Californians can and should go faster.
While we’re waiting for the FCC to let us know what it actually did in its net neutrality and muni broadband decisions last week, let’s take a look at new broadband development bill that’s in the hopper in Sacramento: assembly bill 238, introduced by assemblyman Mark Stone (D - Santa Cruz).
Stone wants to raise the minimum broadband speed in
Black letter law.
The FCC has to win an uphill fight against past court decisions if Thursday's expected preemption of two particular state bans on municipal broadband is to have any practical effect.
The primary obstacle is Gregory v. Ashcroft, a 1991 U.S. supreme court decision that said, in effect, if congress wants to "upset the usual cons
It won't get any better when the referee leaves the ring.
One of the more fascinating aspects of a proposed California Public Utilities Commission decision approving the Comcast/Time-Warner/Charter mega merger and market swap is an analysis of the resulting broadband market in the state. Prepared for the CPUC's office of ratepayer advocates by Lee Selwyn, a telecommunications analyst, the study reaches the bottom line conclusion that if Comcast
It's always a bad call when a ref begs to be noticed.
FCC chairman Tom Wheeler says he wants to be the Internet's referee. He's used that description of how he see's the FCC role in managing the broadband ecosystem several times, most recently in a Colorado speech where he talked about his proposal to bring the Internet under common carrier regulations...
The proposal also looks forward into the broadband future to assure there are basic ground rules and a referee on the field to e
Unfortunately, it's the way the game is played.
At first it seemed like there might be something resembling a public debate about the merits of bringing broadband infrastructure and service under common carrier rules before the FCC votes on it.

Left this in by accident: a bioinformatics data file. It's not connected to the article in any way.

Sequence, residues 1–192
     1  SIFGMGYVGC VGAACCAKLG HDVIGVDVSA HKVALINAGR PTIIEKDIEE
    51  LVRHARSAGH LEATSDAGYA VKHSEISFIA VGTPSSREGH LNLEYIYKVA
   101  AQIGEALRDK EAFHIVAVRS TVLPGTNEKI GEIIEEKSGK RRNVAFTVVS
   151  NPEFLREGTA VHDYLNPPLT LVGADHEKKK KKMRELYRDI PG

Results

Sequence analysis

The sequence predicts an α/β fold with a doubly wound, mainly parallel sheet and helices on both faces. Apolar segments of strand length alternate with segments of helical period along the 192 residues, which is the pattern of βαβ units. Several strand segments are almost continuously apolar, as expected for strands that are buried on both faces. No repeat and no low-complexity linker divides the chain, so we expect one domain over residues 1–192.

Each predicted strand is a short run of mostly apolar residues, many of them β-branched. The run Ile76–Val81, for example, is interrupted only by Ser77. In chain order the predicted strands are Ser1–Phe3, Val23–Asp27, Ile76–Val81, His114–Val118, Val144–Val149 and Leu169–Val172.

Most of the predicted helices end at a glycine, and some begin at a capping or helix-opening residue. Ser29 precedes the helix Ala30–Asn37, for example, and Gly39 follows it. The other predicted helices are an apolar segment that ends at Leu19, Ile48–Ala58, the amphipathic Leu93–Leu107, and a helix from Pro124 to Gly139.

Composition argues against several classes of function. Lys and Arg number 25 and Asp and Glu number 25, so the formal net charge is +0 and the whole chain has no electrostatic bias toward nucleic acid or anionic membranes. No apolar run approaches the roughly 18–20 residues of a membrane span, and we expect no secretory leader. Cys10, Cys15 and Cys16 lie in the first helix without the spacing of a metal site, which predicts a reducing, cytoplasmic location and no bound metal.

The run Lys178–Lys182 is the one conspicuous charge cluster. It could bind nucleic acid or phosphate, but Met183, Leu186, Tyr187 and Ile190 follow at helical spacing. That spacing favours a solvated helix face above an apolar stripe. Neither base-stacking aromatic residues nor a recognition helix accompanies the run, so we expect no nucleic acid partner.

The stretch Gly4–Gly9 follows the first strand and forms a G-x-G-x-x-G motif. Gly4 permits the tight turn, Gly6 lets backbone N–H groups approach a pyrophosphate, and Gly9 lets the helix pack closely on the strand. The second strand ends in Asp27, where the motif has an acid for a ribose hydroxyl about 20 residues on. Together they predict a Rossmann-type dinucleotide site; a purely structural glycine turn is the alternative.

First, chairman Tom Wheeler delivered his sales pitch for the proposed rules. Then, commissioner Ajit Pai countered with substantive objections to what
How about starting with some botox and a manicure?
If Comcast wants approval for its mega merger and market swap with Time-Warner and Charter, it's going to have to meet some stiff, if mostly temporary, conditions. That's the preliminary determination of a California Public Utilities Commission administrative law judge in his review of the deal.
The proposed decision – there's still some back and forth to come, and final approval is subject to a vote by the five commissioners – reaffirms that the CPUC has a
Good enough for public housing.
Wired networks account for only two of the 52 public housing grant proposals made to the California Public Utilities Commission in the first round of applications. The rest either rely on WiFi – mesh networks, mostly – or, in the case of 24 projects proposed by the San Bernardino County housing authority, don't specify a technology type.
Promised service speeds are consistent with both the technology proposed and the CPUC's disappointing low minimum of 1.5 Mb
Hopes and fears that the FCC will sweep away state restrictions on municipal broadband at its upcoming meeting this month appear overblown. That's not to say it won't be an important decision – assuming, as is all but certain, at least three commissioners vote yes – but it will involve particular issues in two cities in two states. That's what FCC chair Tom Wheeler told a tech group in Colorado last
The days of plain old telephone service aren't behind us yet, but the time will come — sooner rather than later — when all telecoms services, including voice, run over Internet protocol systems. The switch from copper to end-to-end fiber is a bit further down the road, but it's near enough that practical questions about it have to be dealt with now.
Yesterday, the California Public Utilities Commission offered its suggestions on how to do that to the FCC, unanimously approving comments for the feds to consider. Despite the fact that the primary author described the docu
On Tuesday, Santa Cruz County supervisors took a look at the broadband development plan that I previewed a couple of days ago. It sketched out a possible core fiber network in five key unincorporated areas of the county that have been identified as economic development priorities, as well as providing additional support for the broadband infrastructure policy initiatives that are already underway.
"Infrastructure is already inadequate and